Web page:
In no time, the KKFI was able to come up with two new products—the Spark Dishwashing Liquid and the Pure and the Fresh Fabric Conditioner. These products were then offered to resellers, preferably the direct beneficiaries of KKFI.

Even the volunteers of  the erstwhile operational livelihood projects of Foundation, the Spa Ritual and Tea spa and the Daily Bread bakery and bread shop, became resellers in order to make up for their lost income.  Amazingly, they demonstrated what they picked up from their constant exposure to discussions on what values must an entrepreneur possess in order to survive and thrive.

We have not stopped fine-tuning the new venture’s operations, studying closely the sourcing of raw materials, the tools and equipment are necessary, the production facilities required, and the personnel who can manage and work in order to run the business smoothly and seamlessly.

Anyone who thinks starting a business is a breeze is unaware of the storms he or she has to survive before he or she can have a glimpse of a silver lining at the end of the tunnel.

Another thing, this tunnel is a very long one or just one of the several before hope appears. It is said an entrepreneur usually fails between three and four times before finding himself or herself successful in a business venture. It’s like an unavoidable rite of passage.

KKFI is not exempted from this vicious process. It has its share of start-up problems: What is the appropriate packaging for the products? Should we use a waterproof label? How can we ensure their quality? Why are our products today not as sweet-smelling as yesterday? Did we change the perfume?

Complaints came and each time we hear one, it hurts. And embarrassing. To be told that the products you have invested blood and sweat to produce are of low quality can give you sleepless nights.

But we fight the negative feelings. We try to learn from our mistakes and use the negative feedback to improve future products’ quality. There’s no giving up. We have to be gritty.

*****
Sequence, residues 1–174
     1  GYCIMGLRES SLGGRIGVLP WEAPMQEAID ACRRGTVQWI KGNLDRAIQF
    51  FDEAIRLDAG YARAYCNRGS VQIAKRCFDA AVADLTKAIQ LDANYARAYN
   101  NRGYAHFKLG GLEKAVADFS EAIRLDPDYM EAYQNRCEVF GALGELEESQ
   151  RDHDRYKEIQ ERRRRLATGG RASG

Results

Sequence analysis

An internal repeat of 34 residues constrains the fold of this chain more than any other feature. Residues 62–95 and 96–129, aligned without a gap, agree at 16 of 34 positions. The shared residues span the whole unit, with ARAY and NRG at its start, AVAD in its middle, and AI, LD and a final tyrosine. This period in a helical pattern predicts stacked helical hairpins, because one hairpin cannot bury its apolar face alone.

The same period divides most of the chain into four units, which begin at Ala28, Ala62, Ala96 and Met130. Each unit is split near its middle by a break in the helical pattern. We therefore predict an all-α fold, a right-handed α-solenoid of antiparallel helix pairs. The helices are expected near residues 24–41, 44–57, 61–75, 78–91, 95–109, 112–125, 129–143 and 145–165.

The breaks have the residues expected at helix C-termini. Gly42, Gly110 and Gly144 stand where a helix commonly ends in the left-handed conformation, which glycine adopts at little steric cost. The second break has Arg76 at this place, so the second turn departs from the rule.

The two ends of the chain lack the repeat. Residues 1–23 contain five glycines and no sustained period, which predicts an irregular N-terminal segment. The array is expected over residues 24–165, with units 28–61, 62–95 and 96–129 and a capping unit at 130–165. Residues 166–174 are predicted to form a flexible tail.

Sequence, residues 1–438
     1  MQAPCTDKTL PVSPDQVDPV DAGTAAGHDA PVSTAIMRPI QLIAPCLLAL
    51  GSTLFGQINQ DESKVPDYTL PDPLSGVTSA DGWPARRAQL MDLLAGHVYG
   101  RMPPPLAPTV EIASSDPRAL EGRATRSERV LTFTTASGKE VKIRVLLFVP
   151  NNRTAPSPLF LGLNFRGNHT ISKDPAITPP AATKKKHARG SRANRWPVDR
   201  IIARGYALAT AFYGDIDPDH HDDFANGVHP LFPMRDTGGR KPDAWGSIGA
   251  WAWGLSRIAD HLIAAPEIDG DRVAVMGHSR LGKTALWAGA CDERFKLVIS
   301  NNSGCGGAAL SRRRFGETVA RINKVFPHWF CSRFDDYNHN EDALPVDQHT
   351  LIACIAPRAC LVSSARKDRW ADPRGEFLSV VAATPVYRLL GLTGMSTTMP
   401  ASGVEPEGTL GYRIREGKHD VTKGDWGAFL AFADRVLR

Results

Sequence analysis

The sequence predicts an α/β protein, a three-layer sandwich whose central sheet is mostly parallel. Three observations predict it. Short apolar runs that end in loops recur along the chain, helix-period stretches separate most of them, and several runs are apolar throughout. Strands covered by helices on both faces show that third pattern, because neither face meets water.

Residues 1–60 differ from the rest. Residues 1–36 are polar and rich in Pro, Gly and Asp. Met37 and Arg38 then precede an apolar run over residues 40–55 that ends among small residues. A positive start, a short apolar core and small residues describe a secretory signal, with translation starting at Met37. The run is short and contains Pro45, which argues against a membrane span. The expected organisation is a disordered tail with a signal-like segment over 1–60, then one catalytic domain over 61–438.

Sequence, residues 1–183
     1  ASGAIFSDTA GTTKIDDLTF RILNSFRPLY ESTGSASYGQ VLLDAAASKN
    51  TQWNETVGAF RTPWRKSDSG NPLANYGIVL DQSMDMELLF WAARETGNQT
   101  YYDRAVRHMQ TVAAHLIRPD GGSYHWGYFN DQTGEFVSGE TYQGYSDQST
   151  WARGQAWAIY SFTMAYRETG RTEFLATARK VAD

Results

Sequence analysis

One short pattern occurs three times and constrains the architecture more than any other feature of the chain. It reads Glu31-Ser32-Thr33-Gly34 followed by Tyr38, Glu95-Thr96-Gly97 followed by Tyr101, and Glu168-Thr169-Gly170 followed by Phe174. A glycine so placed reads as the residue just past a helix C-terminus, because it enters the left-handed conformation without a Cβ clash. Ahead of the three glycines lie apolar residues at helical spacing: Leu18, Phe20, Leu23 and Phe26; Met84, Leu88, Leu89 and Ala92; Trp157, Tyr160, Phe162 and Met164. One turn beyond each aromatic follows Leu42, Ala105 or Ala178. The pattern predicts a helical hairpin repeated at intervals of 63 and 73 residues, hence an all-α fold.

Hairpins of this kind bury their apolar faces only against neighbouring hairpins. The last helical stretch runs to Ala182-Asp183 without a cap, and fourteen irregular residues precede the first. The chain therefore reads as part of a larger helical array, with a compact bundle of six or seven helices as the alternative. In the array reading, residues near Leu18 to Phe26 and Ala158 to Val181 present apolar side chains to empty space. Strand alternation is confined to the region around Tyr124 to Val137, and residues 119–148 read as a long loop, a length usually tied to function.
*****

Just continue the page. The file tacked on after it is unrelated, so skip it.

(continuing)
The old massage center inside the KKFI compound became our production area. We optimized the Program Department’s personnel by turning some of them into our production force. To ensure that the products would reach the target communities, we tapped ALS students and organized them into a delivery team.

On June 24, 2020, the Spark Dishwashing Liquid and the Pure and the Fresh Fabric Conditioner were officially launched. Immediately, three resellers signed in, two of them were retrenched employees of KKFI.

Soon after, 33 residents of Manila North Cemetery and four other ALS students offered to be KKFI’s “community marketers.” According to them, this opportunity augmented their respective families’ income.

Excluding the income of resellers, the KKFI was able to increase its capital from P21,000 to P45,702 as of September or three months after the venture started. Hence, the production reached 652 liters of dishwashing liquid and fabric conditioner combined.

We are cautiously upbeat, thanks to these developments. We are not out of the woods yet, as they say, but we have faith. We know God is watching us and guiding us since, after all, all these efforts are meant to help the poor people He loves.

We realized that sometimes, one needs to be thrown into the waters full of sharks in order for that person to know how to swim. I know it’s a cruel and dangerous metaphor to make, but I feel that’s exactly what happened to the Livelihood Program.

But then, it’s a blessing in disguise. We were totally unaware of the potential of the Livelihood Program to help more people until the pandemic came along.

But I don’t want to thank the pandemic for giving the Livelihood Program a new and more important place in the KKFI’s scheme of things.

That is crueler than the metaphor about the sharks, isn’t it?